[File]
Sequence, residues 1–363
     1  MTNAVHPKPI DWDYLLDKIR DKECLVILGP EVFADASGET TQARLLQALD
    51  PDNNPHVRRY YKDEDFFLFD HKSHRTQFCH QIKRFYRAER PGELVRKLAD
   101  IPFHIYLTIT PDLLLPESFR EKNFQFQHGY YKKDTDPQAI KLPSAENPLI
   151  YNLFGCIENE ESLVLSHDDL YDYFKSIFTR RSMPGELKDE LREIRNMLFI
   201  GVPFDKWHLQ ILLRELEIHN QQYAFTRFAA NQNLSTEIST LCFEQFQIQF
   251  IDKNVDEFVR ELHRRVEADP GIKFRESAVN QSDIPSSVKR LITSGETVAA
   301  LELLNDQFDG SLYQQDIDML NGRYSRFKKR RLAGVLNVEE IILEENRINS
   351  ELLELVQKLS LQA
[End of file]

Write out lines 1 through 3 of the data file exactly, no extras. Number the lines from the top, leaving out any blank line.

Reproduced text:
Sequence, residues 1–363
     1  MTNAVHPKPI DWDYLLDKIR DKECLVILGP EVFADASGET TQARLLQALD
    51  PDNNPHVRRY YKDEDFFLFD HKSHRTQFCH QIKRFYRAER PGELVRKLAD